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Mitt Romney: Trying to Buy Himself the Presidency...


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February 2, 2008

Romney Maps a Strategy for Survival


DENVER After devoting two years and more than $35 million of his money trying to win his party s nomination for the presidency, Mitt Romney and his advisers face the possibility that his effort could end with the nominating contests on Tuesday.

Senator John McCain of Arizona has won a series of major primaries and landed big-name endorsements as he seeks to present himself as the Republican Party s putative nominee.

Operating in survival mode, Mr. Romney s circle of advisers has come up with a detailed road map to try to salvage his campaign. The plan is complete with a new infusion of cash from Mr. Romney, a long-term strategy intended to turn the campaign into a protracted delegate fight and a reframing of the race as a one-on-one battle for the future of the party that seeks to sound the alarm among conservatives about Mr. McCain.

The advisers have drawn up a list of states, dividing and ranking them into those considered relatively easy and inexpensive targets, along with a broader grouping of more costly battlegrounds where the advisers hope that Mr. Romney can be competitive.

Some states like Arizona and Arkansas, the home states of Mr. McCain and Mike Huckabee, respectively, are largely written off.

The question is whether the planning, along with the campaign s one trump card, the candidate s vast wealth, can overcome the growing sense of inevitability that has begun to attach itself to Mr. McCain.

Complicating the outlook, Mr. Romney s campaign has been racked by infighting over advertising strategy between some senior advisers, including some consultants who joined the campaign after leaving Mr. McCain s.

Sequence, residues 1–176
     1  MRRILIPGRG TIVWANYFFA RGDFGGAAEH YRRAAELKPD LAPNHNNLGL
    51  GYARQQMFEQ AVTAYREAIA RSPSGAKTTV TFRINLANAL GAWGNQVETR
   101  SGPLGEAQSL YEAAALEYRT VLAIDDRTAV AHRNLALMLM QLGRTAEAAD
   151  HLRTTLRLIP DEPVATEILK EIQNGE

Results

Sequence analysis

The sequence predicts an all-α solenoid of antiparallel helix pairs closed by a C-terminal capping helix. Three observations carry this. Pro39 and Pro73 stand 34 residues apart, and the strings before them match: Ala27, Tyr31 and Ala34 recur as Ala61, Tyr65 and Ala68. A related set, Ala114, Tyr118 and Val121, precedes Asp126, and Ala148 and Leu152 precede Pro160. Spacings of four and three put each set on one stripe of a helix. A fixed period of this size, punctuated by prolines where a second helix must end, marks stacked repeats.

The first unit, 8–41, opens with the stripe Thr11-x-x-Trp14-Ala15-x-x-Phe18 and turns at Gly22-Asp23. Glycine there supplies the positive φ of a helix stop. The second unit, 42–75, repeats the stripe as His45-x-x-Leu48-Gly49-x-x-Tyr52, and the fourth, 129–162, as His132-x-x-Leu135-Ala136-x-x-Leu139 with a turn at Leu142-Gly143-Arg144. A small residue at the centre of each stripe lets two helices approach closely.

Polls in many major primary states on Tuesday, including California, the linchpin of Mr. Romney s strategy, where he is spending $1.7 million on advertising, according to a rival campaign, show Mr. McCain with a comfortable lead. He also appears to hold significant edges in New York and New Jersey, winner-take-all states where many former backers of Rudolph W. Giuliani have joined the McCain camp.

The endorsement by Gov. Arnold Schwarzenegger of California boosts Mr. McCain there, and the national news media buzz contributes to the air of a coronation.

I don t think anyone should write Mitt Romney s obituary yet, said Todd Harris, a political consultant who worked on Fred D. Thompson s campaign. He can be a compelling candidate with a ton of money. But at some point if he s not winning, the entire rationale for his campaign becomes that he is a well-funded candidate who s not John McCain, and that s not enough.

Another unforeseen complication is the funeral on Saturday of Gordon B. Hinckley, president and prophet of the Church of Jesus Christ of Latter-day Saints, in Salt Lake City. The funeral, taking Mr. Romney off the trail on the most important weekend of campaigning so far, will draw attention once again to Mr. Romney s Mormon faith.

His advisers point to some signs of hope in an election cycle in which conventional wisdom has often been turned upside down. They say they are starting to see a groundswell of opposition to Mr. McCain among conservative leaders, as well as at the grass roots, especially on talk radio.

The day after Mr. Romney s loss to Mr. McCain in Florida, his aides said, the campaign set a record for one-day online contributions, almost $400,000.